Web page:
Correlations between MSS and TMS subfactor scores with trait variables (n = 241)
Openness to experience
MSS Mindfulness State Scale, F1 factor 1-transcendence, F2 factor 2-difficulties, F3 factor 3-mental quietening, MSS-T Mindfulness State Scale (Total), TMS Toronto Mindfulness Scale, TMS-CUR TMS Curiosity Factor, TMS-DEC TMS Decentering Factor, TMS-T = TMS (Total), MAAS Mindfulness Attention Awareness Scale, BAW Body Awareness Subscale
*p < 0.05, **p < 0.01
However, we should highlight that the subfactor 1, “Curiosity,” of the TMS (TMS-CUR) has no significant correlations with factors 2 and 3 of the MSS, which means that curiosity during the meditative practice—at least in the way the TMS measures it—has no clear correlation with mental quietening or the reduction of difficulties (an example of an item of the “curiosity” factor is “I was curious about what I might learn about myself by taking notice of how I react to certain thoughts, feelings or sensations”). On the other hand, the TMS “decentering” subfactor, in which a distance is kept from the content of the experience, does seem to be related to significantly higher scores in the three subfactors of the MSS (an example of an item in the “decentering” subfactor is: “I approached each experience by trying to accept it, no matter whether it was pleasant or unpleasant”).
Next, we analyzed the correlations among MSS and TMS subfactor scores with the rest of the variables. The results (Pearson bivariate correlations) are included in Table 4. In general, as shown by the values in Table 4, the correlations obtained confirm the convergent validity of the MSS. However, the results obtained by the TMS are not as satisfactory, mainly due to the “curiosity” subfactor, which shows uneven correlations and, in some cases, the opposite of the expected result (e.g., a positive correlation in obtained for the Brooding subfactor of the RRS).
In particular, and starting with the correlations with MAAS scores, the three subfactors of the MSS obtain significant negative correlations, as expected, while TMS subfactor scores only obtain a significant correlation with the “decentering” subfactor. The same applies to the “self-acceptance” subfactor of the Ryff scale, where the expected correlations are obtained, except, again, for the “curiosity” subfactor of the TMS. On the other hand, both in the case of “body awareness,” measured with the BAW, and in “openness to the experience” of the NEO-FFI, the three subfactors of the MSS and the TMS obtain statistically significant positive correlations, as predicted.
As for the correlations obtained for the “reflection” subfactor of the RRS, they resulted in a positive sign for some of the subfactors of both instruments. However, they did not correlate with subfactors 2 and 3 of the MSS, probably because of the reflexive aspects of the concept which we will comment on in the “Discussion” section. On the other hand, our results showed a positive correlation with the “curiosity” subfactor of the TMS. Regarding the DERS “non-acceptance” subfactor, factors 2 and 3 showed negative correlations, while no significant correlations were found with the two subfactors of the TMS, as was initially expected.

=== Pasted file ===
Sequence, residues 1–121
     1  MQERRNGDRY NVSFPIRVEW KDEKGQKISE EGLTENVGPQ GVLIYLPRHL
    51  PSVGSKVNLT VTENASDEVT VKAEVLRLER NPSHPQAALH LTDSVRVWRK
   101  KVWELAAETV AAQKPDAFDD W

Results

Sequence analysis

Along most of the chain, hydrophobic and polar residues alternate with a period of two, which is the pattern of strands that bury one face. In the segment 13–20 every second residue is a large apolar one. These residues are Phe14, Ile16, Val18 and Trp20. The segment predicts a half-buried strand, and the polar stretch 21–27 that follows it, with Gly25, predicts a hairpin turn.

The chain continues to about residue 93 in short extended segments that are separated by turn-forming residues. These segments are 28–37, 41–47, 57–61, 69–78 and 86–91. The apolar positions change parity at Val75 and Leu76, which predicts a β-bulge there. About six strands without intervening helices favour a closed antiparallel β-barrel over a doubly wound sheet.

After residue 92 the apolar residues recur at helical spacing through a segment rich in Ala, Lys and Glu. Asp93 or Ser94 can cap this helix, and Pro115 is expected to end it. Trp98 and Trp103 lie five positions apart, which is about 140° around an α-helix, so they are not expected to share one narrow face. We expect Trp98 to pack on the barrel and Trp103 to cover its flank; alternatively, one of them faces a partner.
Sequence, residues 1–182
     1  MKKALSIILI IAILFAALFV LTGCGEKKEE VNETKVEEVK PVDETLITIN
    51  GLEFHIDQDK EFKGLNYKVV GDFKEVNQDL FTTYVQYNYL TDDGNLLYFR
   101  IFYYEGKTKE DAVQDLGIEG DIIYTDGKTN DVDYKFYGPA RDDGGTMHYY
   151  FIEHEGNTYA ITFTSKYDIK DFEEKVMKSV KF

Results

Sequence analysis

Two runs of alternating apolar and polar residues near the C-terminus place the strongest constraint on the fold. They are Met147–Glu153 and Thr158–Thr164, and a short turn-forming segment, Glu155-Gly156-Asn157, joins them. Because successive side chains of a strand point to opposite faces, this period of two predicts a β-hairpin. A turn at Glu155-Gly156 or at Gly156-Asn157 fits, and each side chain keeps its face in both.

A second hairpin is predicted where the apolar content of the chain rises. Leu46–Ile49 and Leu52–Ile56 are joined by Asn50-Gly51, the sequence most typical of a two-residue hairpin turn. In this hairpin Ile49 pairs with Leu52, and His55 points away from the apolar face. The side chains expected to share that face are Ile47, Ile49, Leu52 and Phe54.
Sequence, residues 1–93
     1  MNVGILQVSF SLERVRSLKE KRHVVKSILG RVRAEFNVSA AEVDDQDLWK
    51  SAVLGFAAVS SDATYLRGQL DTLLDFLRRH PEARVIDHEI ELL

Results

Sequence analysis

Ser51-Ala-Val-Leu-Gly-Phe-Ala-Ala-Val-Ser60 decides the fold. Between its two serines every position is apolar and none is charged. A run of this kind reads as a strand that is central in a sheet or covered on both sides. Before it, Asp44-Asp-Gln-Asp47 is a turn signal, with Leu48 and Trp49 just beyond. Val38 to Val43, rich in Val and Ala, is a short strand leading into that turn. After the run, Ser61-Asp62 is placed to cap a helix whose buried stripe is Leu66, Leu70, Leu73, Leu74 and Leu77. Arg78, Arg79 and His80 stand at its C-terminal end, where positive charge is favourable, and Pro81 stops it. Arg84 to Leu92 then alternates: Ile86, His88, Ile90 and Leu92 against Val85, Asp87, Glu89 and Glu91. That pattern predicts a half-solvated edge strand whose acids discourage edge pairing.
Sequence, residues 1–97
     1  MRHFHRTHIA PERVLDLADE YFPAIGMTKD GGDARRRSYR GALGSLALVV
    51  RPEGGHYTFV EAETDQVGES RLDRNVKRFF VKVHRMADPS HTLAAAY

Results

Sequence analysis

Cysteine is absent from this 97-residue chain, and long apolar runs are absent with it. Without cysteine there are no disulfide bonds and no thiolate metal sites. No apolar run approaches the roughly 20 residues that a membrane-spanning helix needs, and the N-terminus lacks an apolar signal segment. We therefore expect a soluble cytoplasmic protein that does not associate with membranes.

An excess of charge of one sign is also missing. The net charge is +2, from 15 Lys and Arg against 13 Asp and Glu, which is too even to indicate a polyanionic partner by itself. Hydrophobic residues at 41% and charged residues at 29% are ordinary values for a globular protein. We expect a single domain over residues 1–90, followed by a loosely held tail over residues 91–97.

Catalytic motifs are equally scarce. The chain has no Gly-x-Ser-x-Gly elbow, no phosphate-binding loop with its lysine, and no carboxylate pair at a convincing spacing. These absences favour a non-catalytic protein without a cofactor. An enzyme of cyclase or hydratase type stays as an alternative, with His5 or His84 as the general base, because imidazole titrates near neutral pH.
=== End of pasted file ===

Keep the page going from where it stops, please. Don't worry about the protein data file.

Differences Based on the Existence of Previous Meditation Experience
In order to test the discriminating power of the MSS and compare it with that of the TMS, we evaluated whether there were statistically significant differences in the scores of the MSS and TMS subfactors between beginners (n = 122) and experienced (n = 119) groups. The results of the statistical analysis (ANOVA), together with the analysis of the effect size (Cohen’s d), are shown in Table 5.
Effect of previous meditation experience on MSS and TMS factor scores
MSS Meditative State Scale, F1 factor 1-transcendence, F2 factor 2-difficulties, F3 factor 3-mental quietening, TMS Toronto Mindfulness Scale, T-CUR Toronto Curiosity Subfactor, T-DEC Toronto Decentering Subfactor
In the case of the MSS, we found statistically significant differences between groups for the three subfactors: the effect sizes ranging from 0.41 (for F1: transcendence) to 1.21 (for F3: mental quietening). In the case of the TMS, no significant differences were found for the “curiosity” subfactor (T-CUR); however, they were present for the “decentering” subfactor (T-DEC).
In study 1, we reduced the number of items through EFA and content analyses in order to keep those items with the strongest psychometric properties and alignment with the proposed underlying structure. In addition, we tested the stability of the structure through confirmatory analyses and measurement invariance, and finally we tested construct validity. According to the results obtained, we can conclude that the MSS and its three subscales show good levels of reliability, factorial validity, configural and metric measurement invariance across groups of experienced meditators and beginners, convergent and divergent validity, and discriminating power. Study 2, below, provides additional evidence of the validity of the MSS, through its application in an experiment with a neurophenomenological approach.